school safety and detail procedures for complying with
existing laws; disaster procedures; policies regarding
suspension or expulsion; a discrimination and harassment
policy; and, a safe and orderly environment conducive to
learning. (Education Code § 32281 and § 32282)
Existing law requires the California Department of Education
(CDE) and the Department of Justice (DOJ) to contract with
one or more professional trainers to coordinate statewide
workshops for local educational agencies (LEAs) and
schoolsite personnel to assist them in the development of
their respective school safety plans. According to the CDE,
the Kern County Superintendent of Schools (KCSS) was awarded
a $350,000 contract to perform this training and is scheduled
to conduct 28 trainings on bullying prevention in 2011. (EC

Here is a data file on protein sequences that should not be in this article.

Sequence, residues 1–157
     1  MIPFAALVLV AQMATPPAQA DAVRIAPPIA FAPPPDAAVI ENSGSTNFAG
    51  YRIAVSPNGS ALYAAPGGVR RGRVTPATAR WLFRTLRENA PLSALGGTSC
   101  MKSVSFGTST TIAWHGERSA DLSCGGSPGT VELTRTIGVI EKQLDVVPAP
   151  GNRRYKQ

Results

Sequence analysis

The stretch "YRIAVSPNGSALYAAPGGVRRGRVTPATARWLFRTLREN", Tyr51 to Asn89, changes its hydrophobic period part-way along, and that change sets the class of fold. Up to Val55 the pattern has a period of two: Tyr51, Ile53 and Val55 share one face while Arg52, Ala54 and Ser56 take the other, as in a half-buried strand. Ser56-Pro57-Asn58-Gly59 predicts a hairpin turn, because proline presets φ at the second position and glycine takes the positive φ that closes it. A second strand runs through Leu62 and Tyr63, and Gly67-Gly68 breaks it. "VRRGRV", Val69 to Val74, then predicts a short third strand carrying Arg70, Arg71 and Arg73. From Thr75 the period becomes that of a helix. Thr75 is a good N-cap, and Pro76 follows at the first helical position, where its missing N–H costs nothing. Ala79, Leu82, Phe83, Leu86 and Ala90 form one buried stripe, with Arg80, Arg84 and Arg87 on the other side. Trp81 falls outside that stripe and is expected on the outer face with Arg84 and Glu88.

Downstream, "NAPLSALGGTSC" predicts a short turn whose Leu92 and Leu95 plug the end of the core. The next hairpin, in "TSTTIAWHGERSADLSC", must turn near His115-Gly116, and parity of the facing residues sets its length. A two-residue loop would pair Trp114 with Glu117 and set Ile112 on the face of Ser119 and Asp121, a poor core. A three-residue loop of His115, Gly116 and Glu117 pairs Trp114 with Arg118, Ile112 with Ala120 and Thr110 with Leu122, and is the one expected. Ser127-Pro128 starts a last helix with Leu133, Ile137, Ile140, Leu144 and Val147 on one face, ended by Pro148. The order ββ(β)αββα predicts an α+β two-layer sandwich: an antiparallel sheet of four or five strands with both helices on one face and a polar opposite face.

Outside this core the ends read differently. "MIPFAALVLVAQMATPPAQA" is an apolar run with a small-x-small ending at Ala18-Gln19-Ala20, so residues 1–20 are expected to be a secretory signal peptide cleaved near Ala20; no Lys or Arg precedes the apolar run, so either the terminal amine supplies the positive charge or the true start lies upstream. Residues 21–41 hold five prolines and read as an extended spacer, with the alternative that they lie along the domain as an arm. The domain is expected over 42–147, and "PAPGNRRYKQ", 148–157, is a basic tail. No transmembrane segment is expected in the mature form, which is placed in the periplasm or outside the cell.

1) Makes findings and declarations regarding the necessity
of a safe and civil school environment for effective
learning, the impact of bullying and the need to
accommodate pupils who have been the victim of bullying.
2) Encourages school safety plans, as they are updated and
to the extent that resources are available, to include
policies and procedures aimed at the prevention of
3) Requires the professional trainers conducting statewide
training workshops to assist local educational agencies
to develop their school safety plans to provide training
in the prevention of bullying, as defined.
4) Specifies a pupil complies with school district
residency requirements in a school district if his or
her residence is located within the boundaries of
another district but the pupil meets all of the
a) He or she has been determined by the
superintendent of that other school district or the
principal of the school attended in that other
district to have been the victim of an act of
bullying committed by a pupil of the other
b) He or she is unable to transfer to another
school within the other school district, as
certified by the superintendent of the other
c) He or she is unable to receive authorization